Here’s a fun fact for you: the first official American Viticultural Area (AVA) ever was in Missouri. Yup – in June of 1980, the town of Augusta, Missouri was approved for the first-ever AVA. It wasn’t until shortly thereafter, in 1981, that the well-known Napa Valley received the second-ever AVA approval.
Long regarded for its unique soil, climate, and long tradition of local wine varietals, Missouri is one of the most viticulturally interesting states in the Midwest. Its winemaking history dates back to a colony of German immigrants in the 1830s who relied on hybrid varieties, especially focused on Norton (and Cynthiana, a biotype of Norton). Since then, Norton has been closely identified with Missouri, despite the fact that the variety was actually first seen in Virginia.
Winemakers in Hermann, Missouri were not only well-respected for their wine in the late 19th Century, but were later at the forefront of the identification of phylloxera and the creation of the ultimate solution of grafting Vitis Vinifera vines onto American rootstocks. Missouri, perhaps surprisingly, has played a crucial role in winemaking across the world.
Fast Facts About MISSOURI WINE
Primary Grapes: Norton. Other hybrids such as Vignoles, Seyval, and Chambourcin
Climate: Continental/humid subtropical
Things to Look for: Try a range of Norton wines and be sure to grab some Icewine!
Unique Fact: Augusta was the first American Viticultural Area in the country
Missouri AVAs: Augusta AVA, Hermann AVA, Ozark Highlands AVA, Ozark Mountain AVA
Where to Go Wine Tasting Near St. Louis
WINE TASTING IN THE Augusta AVA
The town of Augusta, Missouri is just an hour outside St. Louis. Home to four wineries, this wine trail is an easy one to complete and well worth the visit. With sweeping vistas of the Missouri River valley and the Osage Ridge with its tree-covered slopes, it makes for a beautiful afternoon.
All of the wine along the Augusta Wine Trail wineries are produced from grapes on those properties. No imports and no blends with outside vineyards are allowed. It’s a great way to experience the fullness of what the area’s German ancestors intended with each sip.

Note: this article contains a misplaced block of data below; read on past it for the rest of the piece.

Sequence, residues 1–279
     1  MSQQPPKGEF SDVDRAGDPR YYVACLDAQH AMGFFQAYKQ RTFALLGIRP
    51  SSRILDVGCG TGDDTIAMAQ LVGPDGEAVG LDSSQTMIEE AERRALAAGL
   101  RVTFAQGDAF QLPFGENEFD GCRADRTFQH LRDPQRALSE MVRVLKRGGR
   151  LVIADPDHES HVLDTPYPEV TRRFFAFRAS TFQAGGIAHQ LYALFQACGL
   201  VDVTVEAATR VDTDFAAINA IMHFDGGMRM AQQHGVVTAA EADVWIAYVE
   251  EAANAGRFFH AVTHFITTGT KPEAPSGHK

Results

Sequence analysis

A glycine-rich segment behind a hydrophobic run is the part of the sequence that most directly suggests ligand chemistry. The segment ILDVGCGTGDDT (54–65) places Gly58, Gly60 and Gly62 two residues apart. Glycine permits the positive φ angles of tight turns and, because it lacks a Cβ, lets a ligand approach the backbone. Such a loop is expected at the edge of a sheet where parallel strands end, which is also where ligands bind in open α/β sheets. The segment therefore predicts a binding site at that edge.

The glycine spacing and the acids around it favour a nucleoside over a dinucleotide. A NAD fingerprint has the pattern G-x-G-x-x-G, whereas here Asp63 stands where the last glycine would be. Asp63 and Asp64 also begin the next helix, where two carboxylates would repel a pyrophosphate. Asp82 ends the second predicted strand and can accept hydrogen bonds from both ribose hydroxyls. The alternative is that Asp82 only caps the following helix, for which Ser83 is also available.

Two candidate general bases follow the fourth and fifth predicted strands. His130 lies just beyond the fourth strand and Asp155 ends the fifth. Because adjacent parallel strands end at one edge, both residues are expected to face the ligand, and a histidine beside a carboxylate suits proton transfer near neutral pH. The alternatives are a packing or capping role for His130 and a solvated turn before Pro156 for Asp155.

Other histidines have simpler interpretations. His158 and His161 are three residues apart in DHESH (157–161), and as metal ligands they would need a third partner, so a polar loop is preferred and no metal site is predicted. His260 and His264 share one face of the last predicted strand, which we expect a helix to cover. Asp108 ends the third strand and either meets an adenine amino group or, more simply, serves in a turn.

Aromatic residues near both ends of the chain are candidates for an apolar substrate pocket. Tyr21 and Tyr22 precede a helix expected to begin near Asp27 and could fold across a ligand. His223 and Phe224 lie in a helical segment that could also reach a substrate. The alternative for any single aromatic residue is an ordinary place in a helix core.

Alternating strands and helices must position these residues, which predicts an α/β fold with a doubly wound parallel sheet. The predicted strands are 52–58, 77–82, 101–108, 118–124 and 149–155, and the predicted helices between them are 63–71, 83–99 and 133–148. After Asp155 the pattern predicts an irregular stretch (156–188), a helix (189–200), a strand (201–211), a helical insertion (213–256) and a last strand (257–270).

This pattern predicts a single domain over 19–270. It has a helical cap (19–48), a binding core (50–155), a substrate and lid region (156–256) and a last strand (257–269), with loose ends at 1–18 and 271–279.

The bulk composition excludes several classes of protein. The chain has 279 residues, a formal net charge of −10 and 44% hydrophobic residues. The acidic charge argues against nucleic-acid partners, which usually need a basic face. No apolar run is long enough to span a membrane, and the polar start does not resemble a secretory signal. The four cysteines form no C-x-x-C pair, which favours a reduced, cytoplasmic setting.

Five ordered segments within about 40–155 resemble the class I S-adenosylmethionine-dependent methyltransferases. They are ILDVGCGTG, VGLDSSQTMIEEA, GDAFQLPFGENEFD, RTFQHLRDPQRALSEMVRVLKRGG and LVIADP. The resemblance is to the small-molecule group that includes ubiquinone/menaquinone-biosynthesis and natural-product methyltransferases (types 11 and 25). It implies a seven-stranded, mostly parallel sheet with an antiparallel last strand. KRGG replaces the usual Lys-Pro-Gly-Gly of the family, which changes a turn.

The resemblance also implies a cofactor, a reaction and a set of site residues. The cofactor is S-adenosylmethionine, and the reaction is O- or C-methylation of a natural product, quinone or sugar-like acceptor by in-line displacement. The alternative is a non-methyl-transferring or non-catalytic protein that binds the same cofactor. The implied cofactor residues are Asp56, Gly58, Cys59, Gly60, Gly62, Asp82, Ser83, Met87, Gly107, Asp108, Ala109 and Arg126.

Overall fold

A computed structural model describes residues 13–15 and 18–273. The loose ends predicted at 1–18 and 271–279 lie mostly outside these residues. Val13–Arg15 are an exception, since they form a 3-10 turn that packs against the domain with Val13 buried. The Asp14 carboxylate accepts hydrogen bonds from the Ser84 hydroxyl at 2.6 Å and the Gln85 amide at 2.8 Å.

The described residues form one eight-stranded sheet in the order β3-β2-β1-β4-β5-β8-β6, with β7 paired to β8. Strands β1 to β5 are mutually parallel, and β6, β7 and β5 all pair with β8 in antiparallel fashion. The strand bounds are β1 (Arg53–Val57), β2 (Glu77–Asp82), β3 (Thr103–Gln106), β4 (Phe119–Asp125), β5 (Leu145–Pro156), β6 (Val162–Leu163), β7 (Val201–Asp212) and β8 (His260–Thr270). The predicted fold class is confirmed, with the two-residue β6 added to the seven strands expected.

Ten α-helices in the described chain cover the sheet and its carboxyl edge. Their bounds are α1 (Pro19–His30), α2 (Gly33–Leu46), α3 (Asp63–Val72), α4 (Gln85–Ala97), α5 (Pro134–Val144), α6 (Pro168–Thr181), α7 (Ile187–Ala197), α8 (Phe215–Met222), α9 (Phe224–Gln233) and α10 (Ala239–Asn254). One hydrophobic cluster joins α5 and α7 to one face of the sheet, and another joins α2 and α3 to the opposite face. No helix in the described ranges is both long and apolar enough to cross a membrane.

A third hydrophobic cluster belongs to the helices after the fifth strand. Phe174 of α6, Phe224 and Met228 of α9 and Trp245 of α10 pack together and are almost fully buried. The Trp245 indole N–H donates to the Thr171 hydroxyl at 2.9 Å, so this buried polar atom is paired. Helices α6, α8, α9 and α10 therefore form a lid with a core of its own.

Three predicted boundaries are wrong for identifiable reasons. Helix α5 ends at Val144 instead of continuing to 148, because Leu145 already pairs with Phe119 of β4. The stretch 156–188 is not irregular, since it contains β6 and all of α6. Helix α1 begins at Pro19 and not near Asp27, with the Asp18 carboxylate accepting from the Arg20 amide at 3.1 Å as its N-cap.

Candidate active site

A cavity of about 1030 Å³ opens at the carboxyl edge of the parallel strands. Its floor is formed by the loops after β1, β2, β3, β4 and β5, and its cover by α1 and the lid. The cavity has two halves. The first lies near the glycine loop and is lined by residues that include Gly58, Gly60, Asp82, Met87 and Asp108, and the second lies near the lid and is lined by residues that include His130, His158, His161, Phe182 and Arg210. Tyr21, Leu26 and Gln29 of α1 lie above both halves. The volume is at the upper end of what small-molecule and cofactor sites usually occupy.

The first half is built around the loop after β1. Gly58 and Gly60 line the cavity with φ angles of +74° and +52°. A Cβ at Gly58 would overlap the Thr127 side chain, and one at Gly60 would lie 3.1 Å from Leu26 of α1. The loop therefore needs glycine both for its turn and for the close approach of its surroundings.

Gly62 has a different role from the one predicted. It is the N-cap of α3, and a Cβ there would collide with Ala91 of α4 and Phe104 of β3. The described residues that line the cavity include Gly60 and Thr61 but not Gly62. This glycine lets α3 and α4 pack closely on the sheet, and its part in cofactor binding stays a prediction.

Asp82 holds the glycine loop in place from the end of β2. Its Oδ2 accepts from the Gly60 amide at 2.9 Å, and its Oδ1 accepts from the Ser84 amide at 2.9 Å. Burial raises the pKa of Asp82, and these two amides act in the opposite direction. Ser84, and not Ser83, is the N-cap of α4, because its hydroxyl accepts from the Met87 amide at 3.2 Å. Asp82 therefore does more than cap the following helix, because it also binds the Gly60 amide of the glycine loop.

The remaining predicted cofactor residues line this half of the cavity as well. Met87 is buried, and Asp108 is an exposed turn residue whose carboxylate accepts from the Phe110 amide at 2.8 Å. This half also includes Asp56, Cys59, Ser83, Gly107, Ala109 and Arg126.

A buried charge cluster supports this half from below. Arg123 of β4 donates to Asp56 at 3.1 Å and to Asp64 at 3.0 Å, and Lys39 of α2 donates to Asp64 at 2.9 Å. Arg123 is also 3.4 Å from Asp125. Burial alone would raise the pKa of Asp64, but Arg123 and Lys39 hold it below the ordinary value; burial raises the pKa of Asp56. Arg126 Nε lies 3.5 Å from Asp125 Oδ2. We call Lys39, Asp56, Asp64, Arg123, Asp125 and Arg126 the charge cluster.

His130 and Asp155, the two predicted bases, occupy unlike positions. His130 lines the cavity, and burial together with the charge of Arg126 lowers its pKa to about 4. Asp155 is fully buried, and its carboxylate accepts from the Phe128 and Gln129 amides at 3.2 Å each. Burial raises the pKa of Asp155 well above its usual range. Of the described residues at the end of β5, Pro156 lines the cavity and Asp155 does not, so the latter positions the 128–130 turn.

During our adventures, we stopped at two of the wineries along this trail:
AUGUSTA WINERY – Located in the charming small town of Augusta, Augusta Winery offers tasting flights at their indoor bar area, as well as wine by the glass or bottle on their outdoor terrace. Listen to live music on weekends while you sip and enjoy locally produced cheese and sausage.
NOBOLEIS VINEYARDS –Situated on 84 acres, Noboleis Vineyards offers panoramic views of the historic, rolling hills of Augusta. It’s stunning. Enjoy a wine flight, order pizza and appetizers, and enjoy live music. Noboleis is quite the scene and a must-visit.
Other Things to Do in St. Louis
Since we stayed in St. Louis for our trip, we found a range of other fun places that I’d love to recommend!
SHAVED DUCK – This St. Louis smokehouse is full of soul (and I left with my belly full of good food!) Definitely plan on eating here during your trip. It’s divine!
EVANGELINE’S – Be sure to stop here for their Jazz Brunch one morning. The waits are long, but well-worth it. I highly recommend the bloody mary with house-infused pickle vodka. WOW.
ST. LOUIS ART MUSEUM – Post-brunch, head to the St. Louis Art Museum. The Museum is located in their stunning Forest Park (which is larger than Central Park in NYC!)
CITY MUSEUM – Wow. All I can really say about this place is wow. City Museum is a 10-story hundred-year-old converted warehouse that’s part playground, surrealist pavilion, and architectural marvel all wrapped up into one. Be sure to do the 10-story slide. Adult approved.
THAXTON SPEAKEASY – This downtown underground lounge is a cozy place to spend an evening. Sip on craft cocktails and take in the atmosphere.